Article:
Our character test
We now find in our recent Fort Smith municipal history two unfortunate incidents resulting in an ugly racial undercurrent to our governance discussions.
There is the episode in which a white city director reminded a black city department head that he served but one master. That was followed a few weeks later with a white city director distributing at a board study session an e-mail in which a Fort Smith citizen suggested the only problem with slavery is that it’s too expensive and machines can do the work better than blacks. If you find the moral exclusion repulsive, you are not alone.
Both incidents revolve around the same white city director — Bill Maddox.
The flurry of comments about Maddox have centered largely on the question of his views on race. The more important issue, however, is larger than the racial views of Maddox or of his true intent. Despite what City Director Gary Campbell believes, we indeed do have a racial controversy in our city. The question, then, is not about the character of Maddox. Our collective character is now up for review.
The egregious lack of judgment by Maddox has created significant doubt as to the racial attitudes among the leadership of our fair city. We waste time debating what Maddox believes or whether he should resign. His simple resignation would prove little in comparison to the evidence we need to provide the world. And that evidence must prove we collectively have no patience for such nonsense.
There is no doubt that socio-economic success is more likely and broad in communities and metro areas that do the best job of squashing prejudice based on race, gender, sexual preference, disability and religion.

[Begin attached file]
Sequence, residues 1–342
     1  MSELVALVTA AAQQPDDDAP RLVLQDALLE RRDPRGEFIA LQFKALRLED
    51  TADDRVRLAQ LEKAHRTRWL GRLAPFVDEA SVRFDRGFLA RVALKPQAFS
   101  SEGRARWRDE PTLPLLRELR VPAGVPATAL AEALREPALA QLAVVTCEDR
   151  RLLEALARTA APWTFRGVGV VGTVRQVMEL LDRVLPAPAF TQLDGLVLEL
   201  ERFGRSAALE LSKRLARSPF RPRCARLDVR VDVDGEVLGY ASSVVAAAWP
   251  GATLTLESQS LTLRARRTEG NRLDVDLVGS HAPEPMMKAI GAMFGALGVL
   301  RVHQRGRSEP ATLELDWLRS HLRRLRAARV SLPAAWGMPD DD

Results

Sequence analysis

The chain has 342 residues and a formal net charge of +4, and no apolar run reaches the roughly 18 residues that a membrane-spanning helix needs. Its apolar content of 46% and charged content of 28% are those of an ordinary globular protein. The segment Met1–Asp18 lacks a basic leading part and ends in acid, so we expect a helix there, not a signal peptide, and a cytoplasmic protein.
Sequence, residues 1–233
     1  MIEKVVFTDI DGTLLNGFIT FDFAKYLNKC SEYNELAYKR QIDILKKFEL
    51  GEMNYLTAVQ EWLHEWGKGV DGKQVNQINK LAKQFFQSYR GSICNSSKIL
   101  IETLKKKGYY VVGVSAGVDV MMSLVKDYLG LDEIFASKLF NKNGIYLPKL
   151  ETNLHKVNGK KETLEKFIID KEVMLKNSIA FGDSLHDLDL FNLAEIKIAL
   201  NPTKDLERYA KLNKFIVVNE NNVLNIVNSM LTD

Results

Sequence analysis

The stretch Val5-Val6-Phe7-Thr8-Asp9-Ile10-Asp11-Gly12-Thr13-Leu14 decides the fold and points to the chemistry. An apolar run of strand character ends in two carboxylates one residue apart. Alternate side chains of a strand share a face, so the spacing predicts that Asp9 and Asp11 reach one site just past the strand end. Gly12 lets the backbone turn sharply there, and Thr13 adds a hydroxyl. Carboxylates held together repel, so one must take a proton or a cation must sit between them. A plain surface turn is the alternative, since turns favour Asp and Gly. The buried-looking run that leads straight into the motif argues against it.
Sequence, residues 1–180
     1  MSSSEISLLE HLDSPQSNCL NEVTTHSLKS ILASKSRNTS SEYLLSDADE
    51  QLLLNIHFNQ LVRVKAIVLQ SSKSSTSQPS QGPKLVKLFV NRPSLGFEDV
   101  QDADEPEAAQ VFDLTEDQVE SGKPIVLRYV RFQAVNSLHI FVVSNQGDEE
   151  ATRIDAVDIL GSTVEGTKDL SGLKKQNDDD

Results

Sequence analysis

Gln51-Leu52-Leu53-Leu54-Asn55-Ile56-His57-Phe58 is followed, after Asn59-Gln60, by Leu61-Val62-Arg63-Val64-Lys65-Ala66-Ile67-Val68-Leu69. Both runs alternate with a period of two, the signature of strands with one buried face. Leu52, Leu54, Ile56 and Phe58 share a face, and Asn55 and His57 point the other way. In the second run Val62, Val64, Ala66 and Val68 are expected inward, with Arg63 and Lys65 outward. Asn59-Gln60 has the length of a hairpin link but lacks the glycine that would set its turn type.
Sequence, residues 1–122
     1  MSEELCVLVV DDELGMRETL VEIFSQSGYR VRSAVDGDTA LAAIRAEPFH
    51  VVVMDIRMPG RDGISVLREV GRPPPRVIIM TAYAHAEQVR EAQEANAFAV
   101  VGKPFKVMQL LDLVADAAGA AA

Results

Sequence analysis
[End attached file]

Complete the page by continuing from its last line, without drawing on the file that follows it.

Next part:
Just a few years ago, we decided — or so I thought — to be more of a modern community. We wanted to move forward with quality of place issues, events and projects that would make us more attractive to the creative and entrepreneurial minds that come from all categories of humans.
We might respond to our character test by pretending nothing happened, conduct behind-the-scenes outreach to those offended and hope the issue will go away. People will justify this quiet, sweep-it-under-the-rug approach by explaining that more publicity is the last thing we need on this matter. They will say it’s all a coincidence of events and is not that big of a deal.
Unfortunately, folks are watching. The young, ambitious, smart and professional — of all races and backgrounds — who live here or are considering a move to our area are watching. Publicity is exactly what we need on this issue. More to the point, public leadership is what we need.
It is now that we, Kind Readers, watch with interest to see if Fort Smith business and civic leaders assume the responsibility of their leadership.
Will the other six members of the board come together to make known their disapproval of such bad judgment? What about the Mayor? Will our business groups reprimand, or make public their discomfort with the recent racial insensitivity? Will groups like the Leadership Fort Smith Alumni Association and the Young Emerging Leaders issue statements that let the world know this one man does not represent the true heart of Fort Smith?
Our leadership blocks have several options. They might demand Maddox resign, publicly apologize, or otherwise make known that Maddox does not reflect the spirit of our community. If we don’t have a solid public position against such lapses in judgment, we risk losing the types of creative and entrepreneurial minds that come from all categories of humans.
Let’s hope our leadership will reinforce to the world our collective and certain rejection of any form of prejudice.